When you are caring for a newborn kitten there are lots of things you will need to know, especially if they don't have a mother. Today our Pico Rivera vets share with you how you can take care of a baby kitten that doesn't have a mother, what can go wrong as well as when you should take them to the vet for the first time.
How to Take Care of a Baby Kitten
Kittens are adorable and lovable household pets, however, they have very specific needs that have to be taken care of. These needs are different for every stage of their life, and if something goes wrong or is missed it can impact their overall health and longevity. Here we talk about how you can care for your new furry friend during their kitten years.
Caring for a Newborn Kitten
When a kitten is between 0 and 4 weeks old, it is considered a newborn because it is still learning how to meow, walk, and even regulate its body temperature. If they have a mother, she will be able to do the majority of the work, including feeding. All you have to do is ensure the mother's health and that they are in a warm and safe environment. Make sure the floor of their crate/area is blanketed and they have a warm bed to sleep in. If the kitten does not have a mother, the first thing you should do is take them to a veterinarian. Your veterinarian will be able to determine the health of the kitten and inform you of their requirements.
Keep Your Newborn Kitten Warm
If the kitten doesn't have a mother you will have to do more to help keep them warm by using something such as putting a heating disk in the crate or putting a heating pad on low heat underneath a blanket in their cage. You should also make a little nest out of blankets for the kitten to lay in for comfort. It's important that you make sure that the heating pad isn't too hot by touching it with your hands and providing a comfortable place in your kitten's cage/crate that does not have a heating item so they can go there if they get too warm.
You should continue to provide your kitten with a heating source until they are about 6 weeks old because if kittens get too cold they will catch hypothermia. For this reason, their area should be kept at 85°F or 29°C.
Feeding Your Newborn Kitten
Learning how to take care of a 6-week-old kitten without a mother means also learning to feed them and provide them with proper nutrition. You will have to bottle feed your kitten a special kitten formula every 2-4 hours. Every kitten is different, your veterinarian will be able to inform you of the best formula to use, how much to feed them, and how frequently you should be feeding your kitten. In order for kittens to grow healthily, they will need to gain approximately ½ ounce (14 grams) per day or 4 ounces (113 grams) a week. Never give your cat cow milk and always make sure you are feeding them the same formula. And, in order for your kitty to digest food properly it will have to be kept warm.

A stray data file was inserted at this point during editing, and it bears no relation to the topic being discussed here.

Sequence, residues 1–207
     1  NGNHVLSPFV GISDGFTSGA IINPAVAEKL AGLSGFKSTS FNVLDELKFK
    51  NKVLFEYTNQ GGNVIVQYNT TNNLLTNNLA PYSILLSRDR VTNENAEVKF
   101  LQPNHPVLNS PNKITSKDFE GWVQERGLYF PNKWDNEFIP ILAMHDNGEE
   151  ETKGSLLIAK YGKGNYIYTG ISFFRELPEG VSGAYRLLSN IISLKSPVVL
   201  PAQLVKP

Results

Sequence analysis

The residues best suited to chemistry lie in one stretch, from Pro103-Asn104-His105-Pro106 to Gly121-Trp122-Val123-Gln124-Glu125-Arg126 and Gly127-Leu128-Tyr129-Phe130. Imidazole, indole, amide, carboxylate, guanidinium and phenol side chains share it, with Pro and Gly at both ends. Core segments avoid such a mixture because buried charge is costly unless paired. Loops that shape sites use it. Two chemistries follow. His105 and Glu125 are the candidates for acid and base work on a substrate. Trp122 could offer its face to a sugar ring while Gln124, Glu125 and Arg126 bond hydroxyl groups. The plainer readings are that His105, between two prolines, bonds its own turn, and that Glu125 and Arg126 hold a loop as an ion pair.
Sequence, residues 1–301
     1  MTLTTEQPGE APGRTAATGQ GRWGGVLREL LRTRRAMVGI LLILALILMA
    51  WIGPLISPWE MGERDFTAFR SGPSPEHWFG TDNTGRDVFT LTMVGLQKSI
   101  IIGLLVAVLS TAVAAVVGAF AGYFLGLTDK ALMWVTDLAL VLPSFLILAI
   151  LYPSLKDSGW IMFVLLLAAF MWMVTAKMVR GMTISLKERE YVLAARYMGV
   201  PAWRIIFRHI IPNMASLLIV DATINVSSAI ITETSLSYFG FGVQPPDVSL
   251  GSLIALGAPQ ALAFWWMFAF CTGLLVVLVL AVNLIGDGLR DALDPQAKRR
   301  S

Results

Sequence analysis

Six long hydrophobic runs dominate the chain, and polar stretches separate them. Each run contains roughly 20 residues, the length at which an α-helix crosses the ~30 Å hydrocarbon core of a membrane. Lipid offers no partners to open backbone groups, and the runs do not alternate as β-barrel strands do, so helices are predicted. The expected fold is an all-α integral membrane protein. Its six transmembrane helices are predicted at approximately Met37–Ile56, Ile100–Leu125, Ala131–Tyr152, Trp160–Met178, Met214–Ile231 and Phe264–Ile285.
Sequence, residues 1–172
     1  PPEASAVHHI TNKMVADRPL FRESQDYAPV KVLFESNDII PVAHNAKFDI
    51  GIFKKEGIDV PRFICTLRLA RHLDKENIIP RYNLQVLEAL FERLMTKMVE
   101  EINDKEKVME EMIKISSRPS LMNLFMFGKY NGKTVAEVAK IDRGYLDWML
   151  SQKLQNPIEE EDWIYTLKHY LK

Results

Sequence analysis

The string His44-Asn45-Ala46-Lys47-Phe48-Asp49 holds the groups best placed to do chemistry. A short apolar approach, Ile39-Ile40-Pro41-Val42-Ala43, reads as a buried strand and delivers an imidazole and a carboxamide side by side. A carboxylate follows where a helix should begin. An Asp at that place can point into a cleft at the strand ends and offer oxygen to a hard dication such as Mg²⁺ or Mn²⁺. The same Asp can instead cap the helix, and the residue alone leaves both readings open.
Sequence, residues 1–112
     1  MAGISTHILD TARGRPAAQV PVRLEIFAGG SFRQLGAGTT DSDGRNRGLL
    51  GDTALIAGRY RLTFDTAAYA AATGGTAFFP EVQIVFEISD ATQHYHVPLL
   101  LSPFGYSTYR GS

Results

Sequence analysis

As Your Kitten Grows Older
When the kitten you are caring for is around 5/6 to 10 weeks old it should gradually stop being bottle fed or fed by its mothers and start feeding high protein meals about 3 to 4 times a day. You can start this by pouring the formula into a food bowl and possibly adding a bit of softened hard food or canned soft food to help ease them in the process. And because their motor skills will be improving at this stage they will start becoming adventurous and you will have to keep a close eye on them to make sure they don't get themselves into trouble. They will require a lot of supervision and hands-on bonding playtime as they are between 2 -4 months old.
When your kitten is 4 to 6 months old, they will begin their adolescent years. This is also when you should start thinking about having them spayed or neutered before they reach the 6 - 8 month mark if they are generally very troublesome and may require some behavioral modification.
Preventive Care For Your Kitten
No matter how old your kitten is, you should take them to the vet during the first week they are in your care. Your veterinarian will examine your kitten and advise you on their dietary requirements. This also gives you the opportunity to ask any questions you may have about your new family member's care.
Making sure your kitten gets routine preventive care is essential, including wellness exams, routine vaccinations, and parasite prevention.
Regular wellness exams give your vet the opportunity to assess the overall health and well-being of your kitten including their dietary requirements. Your vet will also be able to detect any diseases early before they become severe when they are easier and more affordable to treat.
You also need to make sure your kitten gets all of its vaccinations and parasite prevention on schedule. Your kitten should come in for their first round of shots when they are 6 to 8 weeks old, and you should have them spayed or neutered when they are 5 to 6 months old. This prevents any serious diseases or conditions from arising in the first place.
What Can Go Wrong?
When caring for a kitten there are many things you need to keep an eye out for in every stage of your kitten's life, which could indicate a problem or even a veterinary emergency. If you see your kitten displaying any of the following signs call your vet immediately to schedule an appointment.
Here are some things to look for in a newborn kitten:
- Delays or difficulties in motor skills or coordination
- Refusing food (especially if being bottle-fed)
When your kitten is 4 weeks old or older you still need to keep an eye out for the signs above in addition to these behavioral signs:
- Litter box usage/ not using the litter box
- Signs of play biting or aggression
- Fears and other concerning behaviors that should be managed when they are still young